Former MF Global Holdings Ltd (OTCMKTS:MFGLQ) CEO Jon Corzine has been charged for his involvement with the collapse of the futures brokerage by the Commodity Futures Trading Commission. The CFTC hopes to fine Corzine and Edith O'Brien, MF Global's assistant treasurer, and ban them from the futures trading industry, according to Reuters.

Corzine joined MF Global as CEO in 2010 and instituted a plan to convert the futures trading brokerage into an investment bank. When the company was hemorrhaging money during  Europe’s economic downturn in 2011, MF Global used customer money to back up trading deals. By the end of the year, $1.6 billion in customer money vanished, and MF Global filed for a $41 billion bankruptcy, one of the largest in the nation’s history.

CFTC enforcement head David Meister believes Corzine, who also served as CEO of Goldman Sachs and as governor of New Jersey, is guilty of actively using customer money for bogus deals. It's alleged that Corzine knew about the company’s low cash reserves but continued spending in large amounts. O’Brien allegedly helped Corzine in these endeavors.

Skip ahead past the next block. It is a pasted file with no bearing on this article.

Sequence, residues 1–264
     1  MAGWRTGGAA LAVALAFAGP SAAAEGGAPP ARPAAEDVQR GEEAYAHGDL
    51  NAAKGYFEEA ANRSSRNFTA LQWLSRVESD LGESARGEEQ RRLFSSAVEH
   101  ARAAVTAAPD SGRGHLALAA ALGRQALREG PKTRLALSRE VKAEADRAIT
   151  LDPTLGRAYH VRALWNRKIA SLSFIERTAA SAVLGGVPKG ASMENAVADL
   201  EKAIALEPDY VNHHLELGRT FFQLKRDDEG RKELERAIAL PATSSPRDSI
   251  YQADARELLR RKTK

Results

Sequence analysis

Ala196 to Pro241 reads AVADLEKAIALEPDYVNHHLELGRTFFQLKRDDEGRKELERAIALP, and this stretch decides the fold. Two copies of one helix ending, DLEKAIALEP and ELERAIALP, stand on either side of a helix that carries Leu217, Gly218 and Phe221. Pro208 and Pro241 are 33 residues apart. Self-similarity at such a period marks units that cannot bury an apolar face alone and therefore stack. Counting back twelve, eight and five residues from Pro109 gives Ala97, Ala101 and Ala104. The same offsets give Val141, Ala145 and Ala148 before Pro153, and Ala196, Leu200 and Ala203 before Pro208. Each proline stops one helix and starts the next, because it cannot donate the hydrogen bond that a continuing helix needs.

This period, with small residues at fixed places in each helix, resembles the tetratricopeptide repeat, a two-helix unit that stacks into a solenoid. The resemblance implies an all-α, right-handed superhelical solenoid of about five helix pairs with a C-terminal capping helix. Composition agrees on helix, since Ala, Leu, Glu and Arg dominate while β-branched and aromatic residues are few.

"Mr. Corzine is charged with being more than a passive actor in the downfall of MF Global," Meister told Reuters on Thursday. "He lacked good faith and ... violated his supervision obligations."

"Our investigation also recovered an audio recording of [O'Brien] saying to a colleague that it could be 'game over' from a regulatory perspective if the customer funds weren't returned," Meister continued.

Despite the CFTC’s claim that it has solid proof of Corzine’s involvement in the unlawful spending of customer money, Corzine’s lawyers continue to maintain his innocence. 

"This is an unprecedented lawsuit based on meritless allegations," Andrew Levander, an attorney for Corzine, told Reuters. "Mr. Corzine did nothing wrong, and we look forward to vindicating him in court.”

Also on Thursday, the CFTC reached a settlement with MF Global. The company will be allowed to continue operations, but it must pay the CFTC and consumers a $100 million fine to begin paying them back for the cash that vanished in 2011.